It can be imagined that there was a huge sigh of relief in Brussels as the clock struck midnight, bringing in the New Year of 2017. But if Europe’s political elite believe that the next twelve months are going to be any easier than that of 2016, they are going to be in for a shock. There are many elections and dilemmas coming up that could see the European Union completely fracture and seal the fate of the increasingly doomed political project.

To start with, it would be wise to go back to the events of last December when unexpectedly, Norbert Hofer, of the Austrian far-right Freedom Party, lost the rerun of the Presidential election. While this was indeed great news for Austria, Europe and probably the world, it appears yet again Eurocrats have failed to grasp the significance of the event. There should be no complacency about Austria rejecting a man, who potentially could have been the first far right head of state since the war. The obvious question should be how did an ultranationalist candidate get so close to the Presidency of a developed, diverse, and western country like Austria in the first place? What circumstances have caused over two million Austrians to back such a man and his Party? Why were moderate candidates so heavily defeated in the first round?

These questions, and indeed the wider rise of extreme populist movements across Europe, should be being considered carefully in the bureaucratic glass palaces of Brussels. But so far there appears to be only a deafening silence and distain meeting the growing number of dissatisfied and disaffected voters in Europe.

Despite the relief of the Austrian vote, the Italian constitutional referendum showed yet another surge of populism. Whatever you think of Beppo Grillo and his Five Star Movement, it must be noted how they so successfully turned a referendum on logical constitutional reform into a rejection of Matteo Renzi, the Italian political establishment, and the European project. While this will not lead to Italy leaving the EU anytime soon, it has clearly sent a message to Brussels that the country, long considered to be the most sympathetic to European Union, has serious resentment and anti-establishment sentiment.

Following Renzi’s resignation, his fragile coalition government, while clinging together for the moment, will probably fall in the coming months as internal power struggles ensue. All this political instability is only compounded and made worse by the economic instability caused by the Italian banks teetering on the edge of financial oblivion. Therefore, it is fair to suggest there will be an early general election and, if current opinion polls are to be believed, Grillo’s Five Star Movement may well end up in government. Provided this happened, there would almost certainly be a referendum on Italy’s membership of the Euro, which, if Italy rejected the single currency, could put the last nail in the coffin for the failing monetary union. Continuing this hypothetical thought line, upon the collapse of the Euro caused by Italian withdrawal, it would surely also guarantee the demise of the European project in general.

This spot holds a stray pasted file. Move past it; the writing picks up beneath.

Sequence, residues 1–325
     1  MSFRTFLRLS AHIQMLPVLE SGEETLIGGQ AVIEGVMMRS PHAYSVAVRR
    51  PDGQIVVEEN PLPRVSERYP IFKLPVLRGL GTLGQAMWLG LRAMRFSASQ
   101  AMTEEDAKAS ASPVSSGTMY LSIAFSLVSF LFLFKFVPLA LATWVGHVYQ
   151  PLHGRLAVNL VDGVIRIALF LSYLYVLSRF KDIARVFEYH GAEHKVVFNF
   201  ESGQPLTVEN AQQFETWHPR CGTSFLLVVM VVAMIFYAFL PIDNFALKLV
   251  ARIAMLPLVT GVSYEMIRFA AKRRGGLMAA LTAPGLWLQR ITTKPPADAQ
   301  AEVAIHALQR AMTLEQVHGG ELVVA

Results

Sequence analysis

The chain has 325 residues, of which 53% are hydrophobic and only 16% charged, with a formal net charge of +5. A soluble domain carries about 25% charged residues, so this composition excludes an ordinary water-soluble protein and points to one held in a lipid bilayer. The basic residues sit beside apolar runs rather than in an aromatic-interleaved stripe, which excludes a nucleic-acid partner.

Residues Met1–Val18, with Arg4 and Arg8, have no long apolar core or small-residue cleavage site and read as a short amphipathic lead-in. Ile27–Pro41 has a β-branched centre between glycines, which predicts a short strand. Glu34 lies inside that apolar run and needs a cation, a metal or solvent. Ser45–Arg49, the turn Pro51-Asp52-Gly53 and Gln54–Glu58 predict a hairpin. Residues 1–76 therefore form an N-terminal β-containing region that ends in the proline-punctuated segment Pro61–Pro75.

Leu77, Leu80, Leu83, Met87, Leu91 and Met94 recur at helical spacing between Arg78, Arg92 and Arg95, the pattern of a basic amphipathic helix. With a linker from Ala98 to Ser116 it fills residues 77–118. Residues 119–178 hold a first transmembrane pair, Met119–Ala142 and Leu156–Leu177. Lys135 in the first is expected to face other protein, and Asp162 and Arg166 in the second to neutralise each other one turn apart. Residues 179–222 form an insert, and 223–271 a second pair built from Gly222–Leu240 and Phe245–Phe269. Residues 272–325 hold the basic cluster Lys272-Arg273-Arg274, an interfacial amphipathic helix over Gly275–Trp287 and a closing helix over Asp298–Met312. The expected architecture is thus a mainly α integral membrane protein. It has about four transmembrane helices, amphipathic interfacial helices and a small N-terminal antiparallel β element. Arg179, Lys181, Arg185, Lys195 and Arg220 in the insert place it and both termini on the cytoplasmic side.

Another tempest set to harass the European Union may well be that of a President Le Pen of France. It is a given that reasonable and moderate advocates of British Euroscepticism would be appalled by this notion. This may seem an unlikely eventuality, but following the migrant crisis, years of financial woe as well as weak leadership from socialist President François Hollande, it is not an impossible prospect. François Fillon, who was seen by many to be the obvious, sensible, and moderate centre-right candidate appears to have had his chances pretty much destroyed now by his wife’s job scandal. Emmanuel Macron, the centrist candidate, may well be the new front runner for French moderates, but it is unclear as to whether many Republican voters, fed up with weak and ineffective leadership in France, would support him, a former Socialist Party member, against Marie Le Pen in the second round of voting. If disillusioned Republican voters deliver a Front National victory after the second round, a EU referendum would surely follow. While this may seem appealing to some hard-line Eurosceptics, a ‘Frexit’, if such a thing were to occur could very well herald the collapse the Union which is not in Britain’s interest while we are negotiating our exit.

2017 does have the potential to be even more unpredictable and momentous year than 2016, but caution should be urged against cries of euphoria from the Eurosceptic centre-right and right-wing in Britain, if some of the aforementioned scenarios were to become a reality. It is increasingly apparent in many countries on the continent that Euroscepticism, which is, contrary to what the Liberal Democrats proclaim, a sensible and moderate concept, is being hijacked and abused by disturbing malevolent political forces. The Front National of France, the FPO of Austria, the Five Star Movement of Italy and the PVV of the Netherlands are no friends of Britain or Brexit. While the UK starts its journey on its bold, global vision for post Brexit Britain, we must keep our eye on our European neighbours, and aid them in the fight against the far and populist right.

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